(Reuters) – The European Union must study the emergence of specialty companies, but it is too early to say if they are a "bubble", said the appointed managing director of EU Securities Watchdog ESMA on Thursday.
SPAC has begun to attract big names in the European economy, with former UniCredit chief Jean-Pierre Mustier together with France's richest man Bernard Arnault to launch a SPAC that will be listed in Amsterdam and aimed at European financial business.
Dubbed "Blankcheck" companies in the United States, SPAC has attracted billions of dollars in investments on Wall Street and their popularity has spread to Europe.
"They ask us in Europe what it means and whether we are comfortable with our existing rules," Natasha Cazenave told the European Parliament.
SPAC lists on a stock exchange to raise capital and then have up to two years to use the proceeds to buy existing companies.
They have become a popular alternative for start-ups that want to go public with less regulatory control than they would otherwise face with an IPO.
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"We need to understand why they are so popular, why people provide money only on the basis of sponsor names and the announcement of a project," said Cazenave, who is currently the Deputy Secretary-General of the French a markets watchdog AMF. "19659002] a European perspective," said Cazenave. head of investment banking in Germany.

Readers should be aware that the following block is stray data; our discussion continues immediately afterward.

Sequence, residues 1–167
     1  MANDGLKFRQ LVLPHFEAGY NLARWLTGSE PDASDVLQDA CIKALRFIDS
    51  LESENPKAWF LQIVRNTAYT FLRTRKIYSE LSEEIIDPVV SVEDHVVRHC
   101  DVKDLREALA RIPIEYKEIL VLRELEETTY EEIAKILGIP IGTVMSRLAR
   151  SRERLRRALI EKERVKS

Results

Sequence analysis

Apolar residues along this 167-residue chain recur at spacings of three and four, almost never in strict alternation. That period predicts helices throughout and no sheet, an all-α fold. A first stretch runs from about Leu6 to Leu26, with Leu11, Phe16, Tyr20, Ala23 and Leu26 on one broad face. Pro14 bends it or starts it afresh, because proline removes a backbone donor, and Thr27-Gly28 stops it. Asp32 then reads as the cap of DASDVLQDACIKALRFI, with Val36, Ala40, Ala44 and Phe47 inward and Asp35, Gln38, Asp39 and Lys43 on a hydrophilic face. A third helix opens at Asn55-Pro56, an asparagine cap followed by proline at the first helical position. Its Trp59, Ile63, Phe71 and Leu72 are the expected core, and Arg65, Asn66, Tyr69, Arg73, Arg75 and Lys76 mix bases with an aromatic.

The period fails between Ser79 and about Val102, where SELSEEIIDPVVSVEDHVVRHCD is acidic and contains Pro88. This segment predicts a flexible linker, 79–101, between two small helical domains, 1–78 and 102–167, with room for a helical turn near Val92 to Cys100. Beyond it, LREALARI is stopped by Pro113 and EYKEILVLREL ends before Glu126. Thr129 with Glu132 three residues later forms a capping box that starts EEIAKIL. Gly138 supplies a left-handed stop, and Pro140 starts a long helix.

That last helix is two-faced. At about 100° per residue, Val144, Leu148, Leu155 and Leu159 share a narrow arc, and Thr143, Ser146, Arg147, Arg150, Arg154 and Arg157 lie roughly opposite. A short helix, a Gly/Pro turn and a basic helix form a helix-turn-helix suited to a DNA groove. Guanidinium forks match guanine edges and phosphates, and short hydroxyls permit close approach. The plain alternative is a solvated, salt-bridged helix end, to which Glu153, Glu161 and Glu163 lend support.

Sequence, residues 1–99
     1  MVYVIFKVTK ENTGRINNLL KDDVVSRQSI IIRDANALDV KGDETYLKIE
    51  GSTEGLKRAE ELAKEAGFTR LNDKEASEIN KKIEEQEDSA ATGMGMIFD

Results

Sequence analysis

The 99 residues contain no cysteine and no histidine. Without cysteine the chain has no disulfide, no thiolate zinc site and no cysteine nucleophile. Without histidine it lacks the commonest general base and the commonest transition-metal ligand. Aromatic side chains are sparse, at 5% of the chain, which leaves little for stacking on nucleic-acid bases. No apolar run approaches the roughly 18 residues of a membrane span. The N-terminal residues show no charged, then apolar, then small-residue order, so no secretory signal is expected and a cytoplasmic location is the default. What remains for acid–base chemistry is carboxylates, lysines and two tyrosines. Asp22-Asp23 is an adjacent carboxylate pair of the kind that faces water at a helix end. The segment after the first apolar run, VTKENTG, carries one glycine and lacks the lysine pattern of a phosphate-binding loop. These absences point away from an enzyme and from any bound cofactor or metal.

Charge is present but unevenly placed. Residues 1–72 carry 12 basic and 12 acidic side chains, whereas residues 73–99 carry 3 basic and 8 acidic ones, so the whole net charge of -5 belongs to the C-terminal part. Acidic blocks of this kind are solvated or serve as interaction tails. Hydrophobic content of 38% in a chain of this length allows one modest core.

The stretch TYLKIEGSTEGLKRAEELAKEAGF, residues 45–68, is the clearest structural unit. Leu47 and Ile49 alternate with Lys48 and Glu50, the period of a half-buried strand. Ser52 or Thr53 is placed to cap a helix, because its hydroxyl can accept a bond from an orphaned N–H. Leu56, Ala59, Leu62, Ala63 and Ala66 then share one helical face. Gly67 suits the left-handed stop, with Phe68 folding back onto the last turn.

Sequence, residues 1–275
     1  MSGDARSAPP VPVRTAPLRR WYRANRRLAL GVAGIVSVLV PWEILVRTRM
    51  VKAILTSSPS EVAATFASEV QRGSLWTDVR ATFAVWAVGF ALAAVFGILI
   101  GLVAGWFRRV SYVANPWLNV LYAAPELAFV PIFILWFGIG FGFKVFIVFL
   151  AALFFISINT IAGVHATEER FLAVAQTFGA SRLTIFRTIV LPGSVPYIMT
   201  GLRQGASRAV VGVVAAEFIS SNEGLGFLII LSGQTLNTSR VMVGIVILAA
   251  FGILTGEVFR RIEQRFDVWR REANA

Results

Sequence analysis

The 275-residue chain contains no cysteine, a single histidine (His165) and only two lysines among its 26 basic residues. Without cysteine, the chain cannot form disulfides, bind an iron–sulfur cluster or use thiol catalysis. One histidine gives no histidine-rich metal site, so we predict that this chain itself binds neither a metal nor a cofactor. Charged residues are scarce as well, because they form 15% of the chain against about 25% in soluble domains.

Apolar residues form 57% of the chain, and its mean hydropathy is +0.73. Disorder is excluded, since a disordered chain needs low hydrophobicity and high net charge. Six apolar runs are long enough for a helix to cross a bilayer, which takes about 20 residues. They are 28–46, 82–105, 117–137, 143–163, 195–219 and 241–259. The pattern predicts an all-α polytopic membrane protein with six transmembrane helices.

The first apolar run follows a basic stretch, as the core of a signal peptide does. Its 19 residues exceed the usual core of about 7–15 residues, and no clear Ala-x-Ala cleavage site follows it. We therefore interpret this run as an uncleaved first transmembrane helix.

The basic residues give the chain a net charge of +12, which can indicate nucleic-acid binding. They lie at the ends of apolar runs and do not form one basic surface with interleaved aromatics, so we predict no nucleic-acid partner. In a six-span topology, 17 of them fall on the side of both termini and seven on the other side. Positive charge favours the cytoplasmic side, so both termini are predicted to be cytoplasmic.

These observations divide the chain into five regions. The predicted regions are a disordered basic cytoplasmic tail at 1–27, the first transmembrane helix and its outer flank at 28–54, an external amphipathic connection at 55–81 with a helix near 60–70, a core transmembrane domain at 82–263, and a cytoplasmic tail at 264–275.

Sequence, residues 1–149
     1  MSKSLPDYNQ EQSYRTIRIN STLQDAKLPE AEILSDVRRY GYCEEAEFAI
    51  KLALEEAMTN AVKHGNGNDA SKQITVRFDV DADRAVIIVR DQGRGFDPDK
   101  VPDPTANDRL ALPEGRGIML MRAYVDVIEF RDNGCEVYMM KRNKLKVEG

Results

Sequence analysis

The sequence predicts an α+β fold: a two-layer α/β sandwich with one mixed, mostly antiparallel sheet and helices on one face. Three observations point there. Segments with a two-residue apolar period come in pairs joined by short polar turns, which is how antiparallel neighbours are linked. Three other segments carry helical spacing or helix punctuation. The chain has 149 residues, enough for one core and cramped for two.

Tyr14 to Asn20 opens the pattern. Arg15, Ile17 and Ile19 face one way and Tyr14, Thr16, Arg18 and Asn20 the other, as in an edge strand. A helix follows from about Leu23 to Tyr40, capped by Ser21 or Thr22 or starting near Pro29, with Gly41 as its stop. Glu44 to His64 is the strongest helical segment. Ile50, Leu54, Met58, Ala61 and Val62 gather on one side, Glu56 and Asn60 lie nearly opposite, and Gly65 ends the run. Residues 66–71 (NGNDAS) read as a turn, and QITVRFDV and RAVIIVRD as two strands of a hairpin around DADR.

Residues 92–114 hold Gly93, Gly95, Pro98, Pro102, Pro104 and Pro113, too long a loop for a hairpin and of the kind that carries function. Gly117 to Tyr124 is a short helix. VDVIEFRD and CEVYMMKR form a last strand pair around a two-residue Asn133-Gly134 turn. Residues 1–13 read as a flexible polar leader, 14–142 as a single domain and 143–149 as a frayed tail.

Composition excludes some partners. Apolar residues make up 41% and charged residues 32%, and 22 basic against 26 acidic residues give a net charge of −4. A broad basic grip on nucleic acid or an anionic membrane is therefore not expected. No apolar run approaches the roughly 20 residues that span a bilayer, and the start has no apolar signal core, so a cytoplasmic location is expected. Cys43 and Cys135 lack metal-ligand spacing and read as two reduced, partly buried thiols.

"One measure is likely to be that regulators will prohibit a SPAC from talking to other potential targets when they have agreed on exclusivity with another target to pursue a merger agreement," Baumann said.
Armin Heuberger, CEO of Swiss lender UBS in Germany, said he expects 30 to 60 SPAC listings in Europe this year. The UK is trying to attract SPAC to the list in London.
The US Securities and Exchange Commission (SEC) has launched an investigation into Wall Street's French for blank check acquisitions and is seeking information on how insurers handle the risks.